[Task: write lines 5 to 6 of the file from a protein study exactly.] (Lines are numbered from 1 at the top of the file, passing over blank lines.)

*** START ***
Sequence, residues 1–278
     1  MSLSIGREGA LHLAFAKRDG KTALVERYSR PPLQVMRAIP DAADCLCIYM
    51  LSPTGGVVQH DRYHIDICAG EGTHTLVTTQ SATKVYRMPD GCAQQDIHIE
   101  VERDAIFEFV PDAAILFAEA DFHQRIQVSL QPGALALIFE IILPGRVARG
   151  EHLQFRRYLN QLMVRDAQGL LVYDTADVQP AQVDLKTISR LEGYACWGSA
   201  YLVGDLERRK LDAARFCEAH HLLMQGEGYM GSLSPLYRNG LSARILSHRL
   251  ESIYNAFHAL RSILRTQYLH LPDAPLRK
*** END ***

   151  EHLQFRRYLN QLMVRDAQGL LVYDTADVQP AQVDLKTISR LEGYACWGSA
   201  YLVGDLERRK LDAARFCEAH HLLMQGEGYM GSLSPLYRNG LSARILSHRL